I went to two high schools which gave me two completely different perspectives. The first two years were at a fairly rough local public. At this place there were many individual teachers who were highly engaged with their students, great teachers, but it was a world dominated by the need to be tough and not to appear too clever or nerdy. Many, many classes simply descended into chaos. Quickly a small group of us emerged who clung together and got special treatment from the teachers in return for getting engaged with the classwork. We were allowed to hang out in the computer lab or art rooms at lunchtime and got various special tasks which took us out of the playground jungle and into the library or some quiet safe space.
However as my grades started falling and with $ from grandparents my parents decided to switch me to a grammar school where i spent my last four years until my finals. That school was a huge culture shock and i never was really accepted into the inner sanctums of privilege there like i had been at the state school. But from the moment i started the huge increase in workload hit and caused me to pull my socks up just as i was pulling up my uncomfortable new grey socks every half an hour as i walked around the quadrangles. My marks improved if only through the increased expectations and the level of competition. Good kids in public schools do get complacent with the lack of competition – I did.
But the biggest thing the grammar school did was it gave me a top down perspective on society. For the first time I was exposed the class prestige embedded in the powers which run Aust society. It is hard to say if in my teens a different worldview would have replaced the small town/suburban one that i had grown up with anyway, but there is a peculiar insularity in any school institution which shapes the way we think for a long time afterwards. Any benefits of the public school- and they had great expensive facilities although the computer lab was out of date – had to be weighed against the psychological effect of an all boys environment which nourished many girl hating/objectifying memes which were quite awful and I think screwed us all up in perverse ways. The class cultures there also thrived on bogan hating, just as in the state school, private kids were all assumed to be sodomites.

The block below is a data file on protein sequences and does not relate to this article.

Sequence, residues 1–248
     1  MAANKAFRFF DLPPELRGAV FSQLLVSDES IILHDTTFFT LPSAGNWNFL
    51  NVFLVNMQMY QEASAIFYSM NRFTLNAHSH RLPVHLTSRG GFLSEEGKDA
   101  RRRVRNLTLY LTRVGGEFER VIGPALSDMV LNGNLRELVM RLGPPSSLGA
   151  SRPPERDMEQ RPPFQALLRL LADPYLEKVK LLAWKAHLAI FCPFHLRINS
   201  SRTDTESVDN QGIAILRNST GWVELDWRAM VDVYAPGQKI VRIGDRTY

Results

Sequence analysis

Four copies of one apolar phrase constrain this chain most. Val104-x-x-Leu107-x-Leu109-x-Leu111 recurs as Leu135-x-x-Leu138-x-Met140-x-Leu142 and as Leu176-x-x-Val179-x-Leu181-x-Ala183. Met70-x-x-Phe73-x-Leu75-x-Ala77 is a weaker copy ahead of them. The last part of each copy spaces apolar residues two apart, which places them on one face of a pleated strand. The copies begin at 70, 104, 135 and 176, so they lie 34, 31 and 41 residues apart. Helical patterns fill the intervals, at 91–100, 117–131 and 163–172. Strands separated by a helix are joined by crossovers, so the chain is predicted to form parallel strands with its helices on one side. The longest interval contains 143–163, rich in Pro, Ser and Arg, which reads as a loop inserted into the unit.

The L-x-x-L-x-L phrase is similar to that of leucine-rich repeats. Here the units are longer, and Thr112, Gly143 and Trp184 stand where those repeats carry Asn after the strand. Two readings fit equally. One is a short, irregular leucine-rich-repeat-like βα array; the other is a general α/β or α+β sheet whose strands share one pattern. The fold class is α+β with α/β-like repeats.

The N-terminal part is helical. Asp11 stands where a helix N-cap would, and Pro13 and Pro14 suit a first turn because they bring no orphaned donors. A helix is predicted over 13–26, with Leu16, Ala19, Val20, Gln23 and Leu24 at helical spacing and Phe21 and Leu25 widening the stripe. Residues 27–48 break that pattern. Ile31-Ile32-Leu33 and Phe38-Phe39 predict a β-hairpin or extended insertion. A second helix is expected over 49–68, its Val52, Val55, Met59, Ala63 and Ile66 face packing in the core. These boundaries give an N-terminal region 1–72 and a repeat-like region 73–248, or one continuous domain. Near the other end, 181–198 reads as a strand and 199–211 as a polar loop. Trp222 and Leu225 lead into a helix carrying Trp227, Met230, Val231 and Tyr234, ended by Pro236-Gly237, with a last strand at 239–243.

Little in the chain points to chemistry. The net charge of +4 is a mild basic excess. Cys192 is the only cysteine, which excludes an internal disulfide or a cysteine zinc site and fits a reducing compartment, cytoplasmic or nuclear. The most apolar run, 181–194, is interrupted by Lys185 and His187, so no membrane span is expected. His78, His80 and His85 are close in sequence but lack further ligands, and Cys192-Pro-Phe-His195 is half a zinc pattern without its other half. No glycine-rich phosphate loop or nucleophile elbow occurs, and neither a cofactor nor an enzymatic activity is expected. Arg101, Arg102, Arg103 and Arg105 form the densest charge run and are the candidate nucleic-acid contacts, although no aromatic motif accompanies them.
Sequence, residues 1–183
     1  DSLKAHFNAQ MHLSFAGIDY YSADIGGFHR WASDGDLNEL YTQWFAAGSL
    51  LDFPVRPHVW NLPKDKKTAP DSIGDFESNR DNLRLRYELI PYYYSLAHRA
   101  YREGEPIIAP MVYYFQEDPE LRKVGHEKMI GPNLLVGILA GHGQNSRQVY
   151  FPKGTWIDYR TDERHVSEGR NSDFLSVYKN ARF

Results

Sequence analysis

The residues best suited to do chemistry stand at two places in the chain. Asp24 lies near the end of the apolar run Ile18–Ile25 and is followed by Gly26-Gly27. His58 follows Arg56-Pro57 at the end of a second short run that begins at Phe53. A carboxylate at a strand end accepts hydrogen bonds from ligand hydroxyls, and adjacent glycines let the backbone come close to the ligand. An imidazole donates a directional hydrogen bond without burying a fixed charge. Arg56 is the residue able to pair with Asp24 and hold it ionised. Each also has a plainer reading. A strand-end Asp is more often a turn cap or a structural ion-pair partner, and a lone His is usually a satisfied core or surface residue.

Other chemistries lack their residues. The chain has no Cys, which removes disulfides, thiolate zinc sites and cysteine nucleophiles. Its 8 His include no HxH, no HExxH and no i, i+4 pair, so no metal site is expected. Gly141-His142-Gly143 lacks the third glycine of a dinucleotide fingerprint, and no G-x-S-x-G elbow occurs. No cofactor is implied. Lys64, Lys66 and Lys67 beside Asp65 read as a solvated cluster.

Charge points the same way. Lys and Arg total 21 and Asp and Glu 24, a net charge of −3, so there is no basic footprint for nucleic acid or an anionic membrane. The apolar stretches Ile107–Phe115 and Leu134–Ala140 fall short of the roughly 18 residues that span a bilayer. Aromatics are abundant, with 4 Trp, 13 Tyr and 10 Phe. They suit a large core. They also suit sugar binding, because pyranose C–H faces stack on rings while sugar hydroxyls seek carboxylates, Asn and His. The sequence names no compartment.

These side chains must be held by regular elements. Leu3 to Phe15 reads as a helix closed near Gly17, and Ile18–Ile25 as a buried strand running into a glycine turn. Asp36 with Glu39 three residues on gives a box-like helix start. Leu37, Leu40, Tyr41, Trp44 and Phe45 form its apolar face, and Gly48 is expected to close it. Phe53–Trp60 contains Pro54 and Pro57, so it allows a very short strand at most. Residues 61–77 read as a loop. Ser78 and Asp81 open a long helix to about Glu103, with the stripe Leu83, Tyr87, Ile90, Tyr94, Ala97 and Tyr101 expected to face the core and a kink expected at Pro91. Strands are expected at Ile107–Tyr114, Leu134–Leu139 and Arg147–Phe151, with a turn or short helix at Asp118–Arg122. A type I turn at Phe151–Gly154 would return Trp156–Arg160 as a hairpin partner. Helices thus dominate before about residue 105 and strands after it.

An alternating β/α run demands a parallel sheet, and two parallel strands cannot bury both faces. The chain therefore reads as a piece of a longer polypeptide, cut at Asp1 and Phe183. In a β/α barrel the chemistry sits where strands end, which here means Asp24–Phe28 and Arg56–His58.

There were also more drugs around in the private school, perhaps because kids had money to burn, and a few dropped out when they got into that life too deeply. In the state school the final years were less than half the size due to dropouts. In the end, my friends who stayed on in the state school some of them got better marks than me. But then others failed badly, and this was more common than at the grammar. Some started families early, there were also some tragic deaths. Virtually everyone from the grammar school went on to university, many into the higher stratosphere of medicine etc, but I didn’t, I had got thoroughly tired of the whole game exemplified in the private system of climbing rungs to greater social status/wealth.
Now that some years have passed the main life I see with my grammar friends is some variant of whatever their parents was, and in turn they are preparing the next generation of kids to send to grammar school. My state school friends have typically taken a more entrepreneurial or haphazard path, with more divorces, less wealth, and they are often rooted in the same locale. One kid from the state school is now an international sports star.
I find it impossible to say that one education was ‘better’ than the other. My own kids won’t be going to a private school as there’s no way i could afford it, but any benefits it gave me i think can still be transmitted through open minded parenting and valuing education, plus travel and life experience. The primary effect of private education is to entrench privilege, and it does that. But in that entrenchment, there is a closing of certain doors of the mind, a fear of life in the raw, which can be almost as damaging as the poverty and struggles that encircle a typical state school.